For many small business owners in northeast Minnesota, winter typically brings the sound of money.
It means the roar of snowmobiles as they approach the Dixie Bar & Grill, five miles north of Two Harbors. Along the North Shore, catering to snowmobilers who stop for a drink or food after a long ride is an important part of the economy.
But Phil Carlson and his wife Diane, who rode a popular state trail from Hermantown for lunch at the Dixie Bar, nearly gave up on snowmobiling this winter.
"It's been a crazy season, that's for sure," Phil Carlson said. "We thought maybe we wouldn't even get a chance to ride this year."
It's been an unusually mild winter across much of Minnesota, and a lack of snow has dealt a severe blow to some businesses that depend on winter tourism in northern Minnesota.
After the Carlsons hit the trail, the Dixie Bar was pretty quiet, with only a couple tables full. Owner Scott Larson said January is typically one of his best months because of snowmobile traffic.
"This year was our worst by far," he said. "We were down around 39 percent."
In February, the bar's business was down nearly 30 percent.
That pain is being felt in the tourism industry across the north-central United States, according to the Federal Reserve Bank of Minneapolis. Businesses are reporting double-digit drops in revenue from last year, regional economist Toby Madden said.
"We got a wide range of estimates from business owners, from down 10 percent, down to 70-80 percent," Madden said.
That can translate to fewer jobs. Employment in the tourism sector for the three county-Duluth region is the lowest in 18 years.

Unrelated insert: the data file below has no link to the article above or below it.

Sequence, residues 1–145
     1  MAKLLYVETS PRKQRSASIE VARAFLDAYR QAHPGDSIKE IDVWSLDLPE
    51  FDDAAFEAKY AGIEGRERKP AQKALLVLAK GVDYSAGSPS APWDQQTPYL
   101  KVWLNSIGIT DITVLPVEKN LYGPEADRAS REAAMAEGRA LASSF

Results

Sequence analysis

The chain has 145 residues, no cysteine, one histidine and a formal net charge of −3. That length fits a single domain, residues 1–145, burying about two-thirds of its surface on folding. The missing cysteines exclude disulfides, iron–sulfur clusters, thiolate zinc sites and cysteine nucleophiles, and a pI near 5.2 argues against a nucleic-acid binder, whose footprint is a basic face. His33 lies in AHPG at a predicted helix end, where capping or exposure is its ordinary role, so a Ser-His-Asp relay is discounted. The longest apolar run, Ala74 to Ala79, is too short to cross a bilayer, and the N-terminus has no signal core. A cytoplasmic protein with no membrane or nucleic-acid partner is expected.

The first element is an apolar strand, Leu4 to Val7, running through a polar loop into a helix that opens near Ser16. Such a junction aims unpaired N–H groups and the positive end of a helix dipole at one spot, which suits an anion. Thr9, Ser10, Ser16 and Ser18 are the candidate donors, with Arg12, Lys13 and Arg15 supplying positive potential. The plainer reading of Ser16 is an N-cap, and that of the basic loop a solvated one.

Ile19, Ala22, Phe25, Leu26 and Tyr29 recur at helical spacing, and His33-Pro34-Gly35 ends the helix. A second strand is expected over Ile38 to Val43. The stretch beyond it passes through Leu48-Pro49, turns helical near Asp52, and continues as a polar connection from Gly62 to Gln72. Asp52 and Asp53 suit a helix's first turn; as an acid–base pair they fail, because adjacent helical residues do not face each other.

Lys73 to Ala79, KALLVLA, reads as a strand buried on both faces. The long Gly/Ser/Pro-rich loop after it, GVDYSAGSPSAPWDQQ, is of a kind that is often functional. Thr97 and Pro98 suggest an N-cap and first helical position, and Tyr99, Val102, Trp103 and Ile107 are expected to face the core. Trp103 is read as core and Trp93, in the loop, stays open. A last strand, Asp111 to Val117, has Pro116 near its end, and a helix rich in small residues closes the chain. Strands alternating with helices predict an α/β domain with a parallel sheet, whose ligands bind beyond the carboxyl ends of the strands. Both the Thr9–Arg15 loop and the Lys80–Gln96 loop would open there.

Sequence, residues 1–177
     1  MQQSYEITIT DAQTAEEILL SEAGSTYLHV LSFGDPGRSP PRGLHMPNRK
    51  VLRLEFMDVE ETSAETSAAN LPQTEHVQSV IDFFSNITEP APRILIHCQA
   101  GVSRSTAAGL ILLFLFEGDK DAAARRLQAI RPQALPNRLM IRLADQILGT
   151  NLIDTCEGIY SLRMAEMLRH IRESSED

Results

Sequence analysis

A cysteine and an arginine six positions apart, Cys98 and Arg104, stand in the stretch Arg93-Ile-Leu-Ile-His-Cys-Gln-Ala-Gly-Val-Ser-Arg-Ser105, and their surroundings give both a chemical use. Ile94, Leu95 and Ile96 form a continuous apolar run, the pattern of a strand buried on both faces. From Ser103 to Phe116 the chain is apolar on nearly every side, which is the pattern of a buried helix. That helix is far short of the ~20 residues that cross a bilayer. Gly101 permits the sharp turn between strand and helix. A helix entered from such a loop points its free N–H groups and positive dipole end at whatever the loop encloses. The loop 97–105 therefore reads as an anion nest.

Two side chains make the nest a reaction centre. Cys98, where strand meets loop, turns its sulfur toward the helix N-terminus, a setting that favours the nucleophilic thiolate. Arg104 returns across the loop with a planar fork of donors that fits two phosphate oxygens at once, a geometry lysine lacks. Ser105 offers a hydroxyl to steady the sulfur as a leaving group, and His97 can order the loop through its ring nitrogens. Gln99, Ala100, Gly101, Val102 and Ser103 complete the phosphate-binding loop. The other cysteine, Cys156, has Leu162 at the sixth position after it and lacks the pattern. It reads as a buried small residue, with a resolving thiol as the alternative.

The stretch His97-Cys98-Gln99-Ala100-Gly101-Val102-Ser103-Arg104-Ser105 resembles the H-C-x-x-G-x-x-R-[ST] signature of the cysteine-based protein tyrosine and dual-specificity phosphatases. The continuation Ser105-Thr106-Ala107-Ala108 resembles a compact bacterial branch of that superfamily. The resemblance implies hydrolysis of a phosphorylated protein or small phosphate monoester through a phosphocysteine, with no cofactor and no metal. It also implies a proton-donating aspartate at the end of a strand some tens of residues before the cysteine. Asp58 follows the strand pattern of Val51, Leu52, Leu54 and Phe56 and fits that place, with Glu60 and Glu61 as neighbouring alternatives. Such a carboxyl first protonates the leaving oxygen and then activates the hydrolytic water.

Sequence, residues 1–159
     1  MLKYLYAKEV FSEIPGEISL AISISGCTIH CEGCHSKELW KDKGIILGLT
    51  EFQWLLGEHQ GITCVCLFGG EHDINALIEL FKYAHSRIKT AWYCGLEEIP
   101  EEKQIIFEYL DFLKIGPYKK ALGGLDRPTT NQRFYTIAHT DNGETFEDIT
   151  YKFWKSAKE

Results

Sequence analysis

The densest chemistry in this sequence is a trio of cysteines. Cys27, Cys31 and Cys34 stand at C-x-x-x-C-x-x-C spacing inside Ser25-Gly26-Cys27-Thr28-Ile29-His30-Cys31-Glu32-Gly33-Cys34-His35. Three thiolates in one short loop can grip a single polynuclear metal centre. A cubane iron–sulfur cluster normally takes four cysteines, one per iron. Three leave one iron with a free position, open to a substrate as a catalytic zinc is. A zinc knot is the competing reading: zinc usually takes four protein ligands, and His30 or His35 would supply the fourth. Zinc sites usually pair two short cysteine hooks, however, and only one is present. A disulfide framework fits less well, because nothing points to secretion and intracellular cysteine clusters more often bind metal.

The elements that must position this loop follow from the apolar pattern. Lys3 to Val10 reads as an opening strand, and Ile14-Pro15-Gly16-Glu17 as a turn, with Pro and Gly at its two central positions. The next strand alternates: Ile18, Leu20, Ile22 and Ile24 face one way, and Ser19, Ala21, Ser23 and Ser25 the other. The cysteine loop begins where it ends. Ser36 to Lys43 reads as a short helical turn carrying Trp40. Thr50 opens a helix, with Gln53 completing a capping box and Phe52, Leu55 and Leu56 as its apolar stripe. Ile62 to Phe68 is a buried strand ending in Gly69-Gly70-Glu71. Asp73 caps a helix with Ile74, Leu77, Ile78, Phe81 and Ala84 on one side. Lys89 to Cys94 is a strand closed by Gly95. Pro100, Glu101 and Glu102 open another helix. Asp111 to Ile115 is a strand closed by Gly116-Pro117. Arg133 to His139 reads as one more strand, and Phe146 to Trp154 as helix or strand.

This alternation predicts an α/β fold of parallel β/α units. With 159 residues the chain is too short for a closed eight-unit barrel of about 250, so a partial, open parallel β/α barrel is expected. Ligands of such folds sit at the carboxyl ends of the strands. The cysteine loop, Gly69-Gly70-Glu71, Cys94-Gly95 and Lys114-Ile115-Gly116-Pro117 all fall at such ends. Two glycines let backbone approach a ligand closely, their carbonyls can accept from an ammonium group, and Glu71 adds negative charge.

"I have five employees that haven't worked for six weeks," said Vickie Louks, general manager of the Country Inn in Two Harbors, just north of Duluth. "Because I have to keep my main employees at least in enough hours that they will stay with me."
Louks said she tries to find odd jobs for the people out of work.
"But if I'm not making money, I can't out of the kindness of my heart have them come here just to clean something that nobody's used," she said.
City officials in Two Harbors say overall lodging tax revenue was down by nearly one third in January compared to last year.
Farther up the shore, in Cook County, there's been more snow and more tourists. But even there, January's lodging tax receipts were off about 7 percent.
Dan Baumann, who owns the Golden Eagle Lodge and Nordic Ski Center on the Gunflint Trail, said it's tough to convince potential customers to ski if they see brown grass out their kitchen windows.
"Even though we have snow ... they don't believe us," he said. "We put a web cam up, that takes a picture every hour, and that shows you exactly what's there. There's no beating around the bush."
But pictures may not provide enough proof for people who feel the psychological effects of a mild winter. Jim Vick, marketing director at the Lutsen Mountains resort said customers want to experience winter — as long as the weather is not overwhelming.
That can cut both ways.
"Last year at this time I was dealing with snow fatigue in the market," Vick said. "It got to be March and it had worn on folks. And it was like the last thing they wanted was snow."
Elsewhere, some businesses have succeeded by thinking beyond snow.
Jody Hepola who owns Hugo's Bar in Brimson, Minn., on the state snowmobile trail, said snowmobilers typically are her bread and butter. Not this year. Instead of snowmobile suits, this year a visitor would find snowshoe making and antler basket classes, cribbage tournaments and even a hot dish cook-off at Hugo's.
"We've just been creative and come up with lots of parties and classes to keep things going," Hepola said. "It's actually been a really good winter."
Still, even Hepola is hoping that the warm weather holds off long enough to allow at least a couple more weekends of good snowmobiling — and the reliable business it brings.